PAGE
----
You should avoid all demonstrations, political rallies and large public gatherings as they may turn violent. You should monitor the media for new information about safety and security risks.
There are boundary disputes in the Caribbean coastal waters between Nicaragua and neighbouring Honduras. Boats and fishing vessels have been detained and impounded.
We advise you to exercise a high degree of caution in Nicaragua because of the high risk of serious crime. Pay close attention to your personal security at all times and monitor the media for information about possible new safety or security risks.
We recommend that you do not discuss your travel plans with strangers or in public areas. Avoid non-essential travel at night.
The risk of violent crime, including armed robbery and assault is significant, particularly in Managua, Granada and San Juan del Sur, as well as in Bonanza, La Rosita and Siuna in the north-east, and on Corn Island. Gang violence has occurred near major hotels, bus terminals, beaches and markets.
'Express kidnappings', where individuals are abducted and forced to withdraw funds from an ATM to secure their release, have occurred. Many criminals carry weapons and offering resistance can lead to even greater risk and violence.
There is an extremely limited police presence outside of major urban areas, in particular the remote beach communities on the Pacific Coast and the Atlantic Coast autonomous regions. Due to the remoteness of these areas and lack of police coverage, the areas are used by drug traffickers and other criminal elements. You should only travel within tourist areas and avoid isolated locations.
The Caribbean coastal area of Nicaragua is a known transit zone for illegal drugs.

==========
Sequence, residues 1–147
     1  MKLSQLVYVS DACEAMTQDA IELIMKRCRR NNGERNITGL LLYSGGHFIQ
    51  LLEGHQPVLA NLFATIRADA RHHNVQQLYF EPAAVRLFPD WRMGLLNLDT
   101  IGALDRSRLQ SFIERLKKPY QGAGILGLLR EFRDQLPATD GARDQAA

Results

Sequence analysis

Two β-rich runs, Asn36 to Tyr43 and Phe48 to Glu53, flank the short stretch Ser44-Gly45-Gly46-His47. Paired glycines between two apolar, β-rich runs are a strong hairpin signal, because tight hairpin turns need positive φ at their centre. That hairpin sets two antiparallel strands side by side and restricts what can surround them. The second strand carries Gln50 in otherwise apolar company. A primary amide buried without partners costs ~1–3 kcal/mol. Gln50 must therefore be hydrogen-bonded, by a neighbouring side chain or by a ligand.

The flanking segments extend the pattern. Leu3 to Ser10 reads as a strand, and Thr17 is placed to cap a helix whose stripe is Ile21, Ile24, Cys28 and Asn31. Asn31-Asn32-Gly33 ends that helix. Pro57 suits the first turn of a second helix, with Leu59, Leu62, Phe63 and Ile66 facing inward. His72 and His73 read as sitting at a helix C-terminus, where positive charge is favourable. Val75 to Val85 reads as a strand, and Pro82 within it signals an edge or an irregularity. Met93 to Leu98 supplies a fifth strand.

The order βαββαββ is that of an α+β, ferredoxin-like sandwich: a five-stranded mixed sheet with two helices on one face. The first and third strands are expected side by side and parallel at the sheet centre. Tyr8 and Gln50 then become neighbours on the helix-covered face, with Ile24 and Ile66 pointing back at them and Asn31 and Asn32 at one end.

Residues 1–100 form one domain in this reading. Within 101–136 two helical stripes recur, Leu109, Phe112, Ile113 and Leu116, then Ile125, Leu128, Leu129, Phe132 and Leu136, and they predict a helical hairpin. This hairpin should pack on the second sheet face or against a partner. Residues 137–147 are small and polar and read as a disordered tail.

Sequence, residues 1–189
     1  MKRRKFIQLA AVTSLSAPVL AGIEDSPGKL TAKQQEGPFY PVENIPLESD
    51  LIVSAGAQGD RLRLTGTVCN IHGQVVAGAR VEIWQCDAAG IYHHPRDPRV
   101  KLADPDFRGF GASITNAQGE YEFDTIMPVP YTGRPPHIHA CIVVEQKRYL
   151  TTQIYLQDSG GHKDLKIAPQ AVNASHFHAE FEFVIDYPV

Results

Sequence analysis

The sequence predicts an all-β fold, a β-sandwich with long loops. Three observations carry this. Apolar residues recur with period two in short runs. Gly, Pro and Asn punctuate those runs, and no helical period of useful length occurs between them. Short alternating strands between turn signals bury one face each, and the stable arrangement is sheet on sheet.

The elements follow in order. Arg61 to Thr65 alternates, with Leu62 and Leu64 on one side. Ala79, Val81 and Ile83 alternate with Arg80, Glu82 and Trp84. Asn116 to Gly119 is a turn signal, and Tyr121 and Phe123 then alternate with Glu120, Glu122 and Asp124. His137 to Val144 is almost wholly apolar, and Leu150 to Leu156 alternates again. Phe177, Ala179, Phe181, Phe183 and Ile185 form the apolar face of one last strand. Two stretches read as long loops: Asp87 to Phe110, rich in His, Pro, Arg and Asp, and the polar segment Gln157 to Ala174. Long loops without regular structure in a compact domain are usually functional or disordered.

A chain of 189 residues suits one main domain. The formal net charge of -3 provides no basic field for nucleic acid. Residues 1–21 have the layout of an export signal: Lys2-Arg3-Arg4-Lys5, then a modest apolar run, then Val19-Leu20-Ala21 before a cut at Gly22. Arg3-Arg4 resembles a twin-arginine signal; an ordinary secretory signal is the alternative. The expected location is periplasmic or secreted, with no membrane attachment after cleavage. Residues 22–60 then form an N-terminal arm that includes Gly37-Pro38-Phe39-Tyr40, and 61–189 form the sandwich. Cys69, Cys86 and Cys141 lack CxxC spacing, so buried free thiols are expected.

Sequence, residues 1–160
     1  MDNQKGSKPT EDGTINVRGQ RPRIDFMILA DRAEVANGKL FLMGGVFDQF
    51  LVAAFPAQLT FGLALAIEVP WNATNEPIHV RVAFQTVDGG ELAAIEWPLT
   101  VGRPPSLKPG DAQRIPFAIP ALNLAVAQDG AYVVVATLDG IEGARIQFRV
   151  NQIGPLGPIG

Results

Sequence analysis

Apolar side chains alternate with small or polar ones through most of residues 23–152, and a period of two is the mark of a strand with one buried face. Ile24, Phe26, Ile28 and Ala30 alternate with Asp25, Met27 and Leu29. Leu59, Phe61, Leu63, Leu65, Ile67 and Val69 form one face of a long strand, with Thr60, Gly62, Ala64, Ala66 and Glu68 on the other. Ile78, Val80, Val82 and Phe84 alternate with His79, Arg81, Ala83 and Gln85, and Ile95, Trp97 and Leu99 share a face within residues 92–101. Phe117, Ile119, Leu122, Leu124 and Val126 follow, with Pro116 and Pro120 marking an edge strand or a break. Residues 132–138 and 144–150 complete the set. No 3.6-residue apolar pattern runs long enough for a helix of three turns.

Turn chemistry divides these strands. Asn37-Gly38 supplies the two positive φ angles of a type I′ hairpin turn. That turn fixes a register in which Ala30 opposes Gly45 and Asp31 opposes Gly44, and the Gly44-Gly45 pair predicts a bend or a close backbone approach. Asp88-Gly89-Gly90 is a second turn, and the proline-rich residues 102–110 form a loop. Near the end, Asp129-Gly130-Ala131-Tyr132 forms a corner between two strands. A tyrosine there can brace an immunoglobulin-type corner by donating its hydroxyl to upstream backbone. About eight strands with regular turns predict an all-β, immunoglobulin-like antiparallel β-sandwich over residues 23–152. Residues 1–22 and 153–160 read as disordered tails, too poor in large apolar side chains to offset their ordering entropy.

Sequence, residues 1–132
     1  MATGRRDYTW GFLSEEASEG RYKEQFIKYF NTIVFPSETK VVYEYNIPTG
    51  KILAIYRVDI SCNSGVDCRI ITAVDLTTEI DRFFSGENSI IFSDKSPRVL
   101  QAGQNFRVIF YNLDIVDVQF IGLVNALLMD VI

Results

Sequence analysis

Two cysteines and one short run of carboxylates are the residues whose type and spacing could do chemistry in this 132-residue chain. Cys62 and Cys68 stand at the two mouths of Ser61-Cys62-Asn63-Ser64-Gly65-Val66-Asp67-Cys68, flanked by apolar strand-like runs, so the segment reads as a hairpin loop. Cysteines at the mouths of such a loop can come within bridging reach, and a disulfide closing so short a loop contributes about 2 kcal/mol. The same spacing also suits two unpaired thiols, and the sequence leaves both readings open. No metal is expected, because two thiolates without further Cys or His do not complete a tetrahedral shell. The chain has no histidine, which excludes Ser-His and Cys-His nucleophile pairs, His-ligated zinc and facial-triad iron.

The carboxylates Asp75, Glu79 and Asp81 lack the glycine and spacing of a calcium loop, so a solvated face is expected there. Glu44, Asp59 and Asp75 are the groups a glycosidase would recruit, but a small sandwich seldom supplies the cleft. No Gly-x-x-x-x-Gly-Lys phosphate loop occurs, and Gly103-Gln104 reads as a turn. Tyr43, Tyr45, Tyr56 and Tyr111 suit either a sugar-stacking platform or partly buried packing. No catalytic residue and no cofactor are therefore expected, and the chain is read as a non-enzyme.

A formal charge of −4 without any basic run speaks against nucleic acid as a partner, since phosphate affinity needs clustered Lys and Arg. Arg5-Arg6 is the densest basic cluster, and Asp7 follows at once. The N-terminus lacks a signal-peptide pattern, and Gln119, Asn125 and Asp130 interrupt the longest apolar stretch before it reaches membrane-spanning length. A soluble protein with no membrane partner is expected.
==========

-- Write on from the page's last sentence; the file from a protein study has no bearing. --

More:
Armed gangs carry out kidnappings, robberies and extortion in the northern border region. Travel to the Honduran border should only be undertaken on highways with border crossings (at Guassaule, El Espino and Las Manos).
Robberies and assaults have occurred in unofficial taxis and often include the use of weapons. We recommend you use official taxis, which have a clearly visible red number plate, or radio despatched taxis, which are available at the International Airport and larger hotels. Do not share taxis with strangers at any time. Before starting your journey make a note of the taxi's registration number and telephone number.
Petty crime such as pickpocketing and bag snatching is common. Criminals are known to target public transport, tourist areas, hotels, markets and vehicles stopped in traffic. You should remain alert when visiting markets in the vicinity of the old cathedral in Managua, near the Tica Bus Station terminal and at public transport terminals.
You should avoid walking alone, particularly on isolated beaches, and travelling on buses after dark. Avoid taking public transport where possible and be cautious of anyone offering assistance on public transport, including on long-distance trips, as they may have criminal motives.
Attacks on vehicles have been reported, including buses operated by hotels, along the Managua-Leon, Tipitapa-Masaya and Somotillo-Chinandega highways.
Thieves posing as tour guides, particularly on the Island of Ometepe, have robbed travellers. You should use well-known, reputable tour operators.
Credit card fraud is reportedly on the increase. Be vigilant when using your credit card.
Money and valuables
Before you go, organise a variety of ways to access your money overseas, such as credit cards, travellers' cheques, cash, debit cards or cash cards. Australian currency and travellers' cheques are not accepted in Nicaragua. Consult with your bank to find out which is the most appropriate currency to carry and whether your ATM card will work overseas. There are relatively low daily withdrawal limits from ATMs in Nicaragua. The US dollar (cash and traveller’s cheques) is the only foreign currency freely exchangeable in Nicaragua.